Monday, October 7, 2013

How to Develop A Great Cue List (For the Church Without Movers)

Photo Credit: Facebook (Mike Fowler)
This weekend I had a great opportunity to go home and do lighting for my home church. First of all, let me start by saying it felt FANTASTIC not just being with them at Allison Park Church, but I got to be my family a lot as well. It was a great weekend and I can't wait to see everyone again in a few weeks!

Now on to the craziness of this past weekend. The church that I attend here/work with production on at Kent State has a pretty basic lighting set up. 4 Par Cans with Gels and 4 Parnell's for preaching lights...all on an 8 channel light board and 2 4 channel dimmer packs. Now at Allison Park, we're talking a mix of fresnels and ellipsoidals on a ton of dimmer channels and 16 LED Par Cans, 8 LED Bricks and 4 LED strips (I can go into details on the exact fixtures in later posts) all controlled on a fancy lighting console (Leprecon LP-X24...no we don't have a Grand MA 2 Console...that's my dream console...but that's another story). In the past, lighting cues at APC have been mainly just changing colors on the back wall with the LED's. As I looked at planning center to see what the service flow would be like for the weekend, I noticed that the first song ALONE had 11 cues with in it (for the song Nothing Is Impossible). All together, the entire weekend had 60 lighting cues for worship, MC moments, Baby Dedications, message, and response time. For a church like Allison Park, the name of the game is discrete; meaning make lighting cues noticeable but not drastic. Here are some tips to add some "movement" to your lighting in your next church service:

  • Spot Light Specific People: If your patch on your lighting console is set to a 1:1 setting (meaning every 1 dimmer has 1 channel on the board), you're in a prime spot for this set up. If there's a guitar solo or a soft moment with one person singing, just spot light them or make all the other lights have a lower intensity than that one spot. Solo spots are great for these kind of moments as well. For example (and I apologize that I don't have any video from this weekend): We did the song At Your Name. Kate -- one of our OUTSTANDING worship leaders at APC -- led that song from the keyboards on top of a riser. When we re-did our lighting rig before I left for Kent, we added a solo spot light on that spot for that specific purpose. When she went to sing the first first verse, all the lights went down all the way to 0% except for that one light. It looked amazing!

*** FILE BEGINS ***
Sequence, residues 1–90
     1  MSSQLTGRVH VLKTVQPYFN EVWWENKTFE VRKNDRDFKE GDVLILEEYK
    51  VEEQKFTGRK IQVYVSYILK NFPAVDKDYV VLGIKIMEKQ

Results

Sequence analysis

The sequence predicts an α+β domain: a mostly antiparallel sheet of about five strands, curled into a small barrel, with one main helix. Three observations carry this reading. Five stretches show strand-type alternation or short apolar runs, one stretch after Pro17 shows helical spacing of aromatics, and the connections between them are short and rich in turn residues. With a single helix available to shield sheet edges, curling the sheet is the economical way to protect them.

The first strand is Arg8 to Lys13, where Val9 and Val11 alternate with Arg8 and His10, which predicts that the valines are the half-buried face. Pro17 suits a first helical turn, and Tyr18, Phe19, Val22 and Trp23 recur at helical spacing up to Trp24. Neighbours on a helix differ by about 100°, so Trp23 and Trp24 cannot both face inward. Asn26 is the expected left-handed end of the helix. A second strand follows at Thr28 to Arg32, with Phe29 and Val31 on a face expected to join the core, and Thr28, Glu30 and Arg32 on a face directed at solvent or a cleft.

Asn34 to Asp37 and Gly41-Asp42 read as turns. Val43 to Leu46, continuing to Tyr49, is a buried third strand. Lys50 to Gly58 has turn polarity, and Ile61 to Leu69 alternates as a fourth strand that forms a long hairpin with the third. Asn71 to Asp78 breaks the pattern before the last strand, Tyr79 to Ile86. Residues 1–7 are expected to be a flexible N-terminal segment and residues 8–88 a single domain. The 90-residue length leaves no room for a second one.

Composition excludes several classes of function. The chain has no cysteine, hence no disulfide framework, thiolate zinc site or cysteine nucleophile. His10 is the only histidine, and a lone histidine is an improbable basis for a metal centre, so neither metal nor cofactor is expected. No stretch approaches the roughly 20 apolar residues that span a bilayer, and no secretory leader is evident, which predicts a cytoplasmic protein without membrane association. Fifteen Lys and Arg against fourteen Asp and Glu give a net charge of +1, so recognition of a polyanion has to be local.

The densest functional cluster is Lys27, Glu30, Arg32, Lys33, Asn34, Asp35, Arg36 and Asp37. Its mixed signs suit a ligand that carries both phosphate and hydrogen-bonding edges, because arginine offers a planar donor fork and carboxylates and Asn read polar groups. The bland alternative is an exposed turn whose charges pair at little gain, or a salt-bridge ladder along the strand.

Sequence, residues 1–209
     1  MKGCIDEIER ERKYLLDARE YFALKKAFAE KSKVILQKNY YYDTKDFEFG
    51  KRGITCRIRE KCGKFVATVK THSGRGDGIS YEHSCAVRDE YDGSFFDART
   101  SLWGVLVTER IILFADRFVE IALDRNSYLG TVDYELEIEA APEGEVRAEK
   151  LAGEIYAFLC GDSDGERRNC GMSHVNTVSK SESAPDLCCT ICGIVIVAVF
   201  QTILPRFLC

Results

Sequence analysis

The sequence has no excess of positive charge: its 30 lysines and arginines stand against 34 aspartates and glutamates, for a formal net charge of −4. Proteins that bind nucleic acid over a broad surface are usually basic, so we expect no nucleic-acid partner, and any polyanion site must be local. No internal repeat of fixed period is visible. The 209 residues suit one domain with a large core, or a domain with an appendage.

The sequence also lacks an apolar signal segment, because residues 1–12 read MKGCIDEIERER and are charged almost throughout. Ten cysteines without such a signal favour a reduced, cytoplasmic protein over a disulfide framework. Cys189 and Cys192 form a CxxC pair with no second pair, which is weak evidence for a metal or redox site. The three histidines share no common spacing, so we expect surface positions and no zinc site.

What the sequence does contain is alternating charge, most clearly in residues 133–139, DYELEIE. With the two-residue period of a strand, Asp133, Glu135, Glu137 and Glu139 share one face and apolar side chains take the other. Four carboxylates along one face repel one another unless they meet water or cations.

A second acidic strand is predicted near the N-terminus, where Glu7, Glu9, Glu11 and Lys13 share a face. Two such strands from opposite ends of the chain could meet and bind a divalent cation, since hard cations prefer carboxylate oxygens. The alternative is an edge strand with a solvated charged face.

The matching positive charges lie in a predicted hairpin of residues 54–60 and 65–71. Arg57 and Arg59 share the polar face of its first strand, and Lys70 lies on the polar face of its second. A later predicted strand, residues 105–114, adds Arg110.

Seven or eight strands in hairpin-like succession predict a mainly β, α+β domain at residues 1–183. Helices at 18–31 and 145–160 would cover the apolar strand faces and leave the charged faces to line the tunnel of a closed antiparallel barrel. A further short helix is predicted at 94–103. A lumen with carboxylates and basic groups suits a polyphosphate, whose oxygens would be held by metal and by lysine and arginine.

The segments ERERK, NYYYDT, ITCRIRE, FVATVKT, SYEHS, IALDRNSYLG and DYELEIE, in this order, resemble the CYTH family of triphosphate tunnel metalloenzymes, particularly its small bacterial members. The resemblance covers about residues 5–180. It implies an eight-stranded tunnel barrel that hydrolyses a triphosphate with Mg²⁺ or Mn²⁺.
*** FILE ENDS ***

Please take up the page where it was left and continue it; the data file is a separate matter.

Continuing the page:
• Mess With Transition Timing:  Fade in and fading out at the same speed gets boring after awhile. Try messing with the timing a little. Generally we keep our timings to 1.5 second-2 seconds. But there are cases that just cutting to the next cue looks insane.

Thursday, August 29, 2013

Part 2 of Last Post

Photo Credit: Allisonparkworship.com
In my last post, I show cased the title track music video to APC's Live Recording album called "Undying Love". This was a great project, and the videos that we got from this night were incredible. With the mix of video and pictures we got from that night, there may have been some "details" that drew your attention. What cameras were used? What kind of stage lights were used on stage and off? What was the audio track that you used? Let me answer those in hopefully the best way that I can.
  1. CAMERAS: We had a huge mix of cameras that were used for the entire night. There was a combination of Canon EOS T3i's, T4i's, 5D Mark II's, 7D's, and as well as a Sony HDR-FX1000 (which was one of our church production cameras). From there they were strategically placed along the back wall of our sanctuary, on tri-pods in the tech booth, as well as close in with the crowd. You maybe thinking too, what about the close up on stage shots? Those were captured the night before during a dress-rehearsal so that no one would have to go on stage and be seen during the actual event. For the most part, the camera men were only using 18-55mm lenses, but some of them did carry the ever so popular 70-300mm lens.
  2. LIGHTING: For video shoots like this, you would expect to have just fancy photography lighting. WRONG! Everything lighting was either pre-installed and belonged to APC, OR was special effect lighting that was rented for that night. For stage conventional lights, we had a mix of parnells and Fresnel's up in the air. The blinders we had to get a little creative with. Since we didn't really have budget money to rent actually "concert blinders", we just used 12 Par cans on dimmer packs. The dimmers we used were Elation Pro-Bar 4's (which are now discontinued from Elation).  In the air, we had hung 2 Chauvet Q-Spot 575's to use as spot lights. On stage we had 2 more Q-Spots and as well as 2 Martin Mac 300's.